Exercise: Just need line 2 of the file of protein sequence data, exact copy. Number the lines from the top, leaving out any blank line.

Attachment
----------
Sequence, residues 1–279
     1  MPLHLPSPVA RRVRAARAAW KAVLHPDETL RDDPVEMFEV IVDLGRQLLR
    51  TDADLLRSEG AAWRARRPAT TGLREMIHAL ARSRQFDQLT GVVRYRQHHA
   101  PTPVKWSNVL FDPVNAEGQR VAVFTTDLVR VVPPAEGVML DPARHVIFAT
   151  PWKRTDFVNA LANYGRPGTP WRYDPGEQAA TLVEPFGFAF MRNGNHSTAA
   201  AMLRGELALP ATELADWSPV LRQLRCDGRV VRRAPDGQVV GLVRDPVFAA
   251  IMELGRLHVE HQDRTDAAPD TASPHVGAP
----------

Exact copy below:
     1  MPLHLPSPVA RRVRAARAAW KAVLHPDETL RDDPVEMFEV IVDLGRQLLR